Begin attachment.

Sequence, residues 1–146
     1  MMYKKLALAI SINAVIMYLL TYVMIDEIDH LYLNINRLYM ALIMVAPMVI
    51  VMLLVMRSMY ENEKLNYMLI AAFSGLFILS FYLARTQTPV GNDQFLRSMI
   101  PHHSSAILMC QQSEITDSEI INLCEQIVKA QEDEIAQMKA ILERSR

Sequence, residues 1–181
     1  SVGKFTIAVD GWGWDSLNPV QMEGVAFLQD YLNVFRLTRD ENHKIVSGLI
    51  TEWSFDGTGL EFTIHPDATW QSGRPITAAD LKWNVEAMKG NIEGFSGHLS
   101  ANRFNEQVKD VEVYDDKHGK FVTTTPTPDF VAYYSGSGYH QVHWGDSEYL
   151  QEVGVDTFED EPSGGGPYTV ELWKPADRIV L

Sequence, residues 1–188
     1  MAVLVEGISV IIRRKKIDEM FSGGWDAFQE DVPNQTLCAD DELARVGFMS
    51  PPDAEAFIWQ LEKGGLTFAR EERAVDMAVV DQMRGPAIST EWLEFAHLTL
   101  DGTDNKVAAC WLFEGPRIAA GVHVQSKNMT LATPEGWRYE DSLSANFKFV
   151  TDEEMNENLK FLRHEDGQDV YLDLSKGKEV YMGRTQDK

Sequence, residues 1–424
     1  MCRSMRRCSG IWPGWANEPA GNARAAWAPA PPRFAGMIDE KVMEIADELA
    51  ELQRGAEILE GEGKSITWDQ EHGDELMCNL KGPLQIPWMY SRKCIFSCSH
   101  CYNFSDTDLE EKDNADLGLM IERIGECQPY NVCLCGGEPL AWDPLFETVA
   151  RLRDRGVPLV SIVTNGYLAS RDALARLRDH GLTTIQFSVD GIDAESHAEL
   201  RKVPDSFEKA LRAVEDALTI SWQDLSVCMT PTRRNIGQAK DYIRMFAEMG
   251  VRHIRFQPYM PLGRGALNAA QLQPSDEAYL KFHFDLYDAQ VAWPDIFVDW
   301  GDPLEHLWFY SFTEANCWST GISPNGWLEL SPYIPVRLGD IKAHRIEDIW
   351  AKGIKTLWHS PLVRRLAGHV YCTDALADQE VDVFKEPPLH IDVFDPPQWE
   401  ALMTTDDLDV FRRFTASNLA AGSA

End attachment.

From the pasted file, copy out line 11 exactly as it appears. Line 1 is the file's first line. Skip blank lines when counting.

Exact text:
     1  MAVLVEGISV IIRRKKIDEM FSGGWDAFQE DVPNQTLCAD DELARVGFMS